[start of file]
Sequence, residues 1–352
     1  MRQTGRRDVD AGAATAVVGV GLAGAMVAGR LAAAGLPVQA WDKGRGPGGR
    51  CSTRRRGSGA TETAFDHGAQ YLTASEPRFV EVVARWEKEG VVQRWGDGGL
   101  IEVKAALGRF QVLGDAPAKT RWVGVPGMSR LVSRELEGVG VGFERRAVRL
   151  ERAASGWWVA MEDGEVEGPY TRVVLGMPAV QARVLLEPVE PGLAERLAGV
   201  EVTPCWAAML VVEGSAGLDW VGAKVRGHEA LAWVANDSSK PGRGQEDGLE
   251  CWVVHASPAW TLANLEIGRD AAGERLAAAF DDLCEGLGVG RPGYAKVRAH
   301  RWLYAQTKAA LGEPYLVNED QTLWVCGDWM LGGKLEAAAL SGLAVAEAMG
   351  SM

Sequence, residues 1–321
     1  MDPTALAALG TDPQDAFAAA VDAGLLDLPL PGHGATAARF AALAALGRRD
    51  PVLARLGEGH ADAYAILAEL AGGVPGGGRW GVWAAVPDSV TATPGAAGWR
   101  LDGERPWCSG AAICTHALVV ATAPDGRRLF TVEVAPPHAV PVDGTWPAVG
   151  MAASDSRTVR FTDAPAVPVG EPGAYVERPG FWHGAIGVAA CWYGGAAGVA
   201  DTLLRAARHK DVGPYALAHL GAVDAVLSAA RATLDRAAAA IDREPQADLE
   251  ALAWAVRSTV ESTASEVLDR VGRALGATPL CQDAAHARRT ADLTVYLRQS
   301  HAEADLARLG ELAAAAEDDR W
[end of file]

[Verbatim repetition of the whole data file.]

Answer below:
Sequence, residues 1–352
     1  MRQTGRRDVD AGAATAVVGV GLAGAMVAGR LAAAGLPVQA WDKGRGPGGR
    51  CSTRRRGSGA TETAFDHGAQ YLTASEPRFV EVVARWEKEG VVQRWGDGGL
   101  IEVKAALGRF QVLGDAPAKT RWVGVPGMSR LVSRELEGVG VGFERRAVRL
   151  ERAASGWWVA MEDGEVEGPY TRVVLGMPAV QARVLLEPVE PGLAERLAGV
   201  EVTPCWAAML VVEGSAGLDW VGAKVRGHEA LAWVANDSSK PGRGQEDGLE
   251  CWVVHASPAW TLANLEIGRD AAGERLAAAF DDLCEGLGVG RPGYAKVRAH
   301  RWLYAQTKAA LGEPYLVNED QTLWVCGDWM LGGKLEAAAL SGLAVAEAMG
   351  SM

Sequence, residues 1–321
     1  MDPTALAALG TDPQDAFAAA VDAGLLDLPL PGHGATAARF AALAALGRRD
    51  PVLARLGEGH ADAYAILAEL AGGVPGGGRW GVWAAVPDSV TATPGAAGWR
   101  LDGERPWCSG AAICTHALVV ATAPDGRRLF TVEVAPPHAV PVDGTWPAVG
   151  MAASDSRTVR FTDAPAVPVG EPGAYVERPG FWHGAIGVAA CWYGGAAGVA
   201  DTLLRAARHK DVGPYALAHL GAVDAVLSAA RATLDRAAAA IDREPQADLE
   251  ALAWAVRSTV ESTASEVLDR VGRALGATPL CQDAAHARRT ADLTVYLRQS
   301  HAEADLARLG ELAAAAEDDR W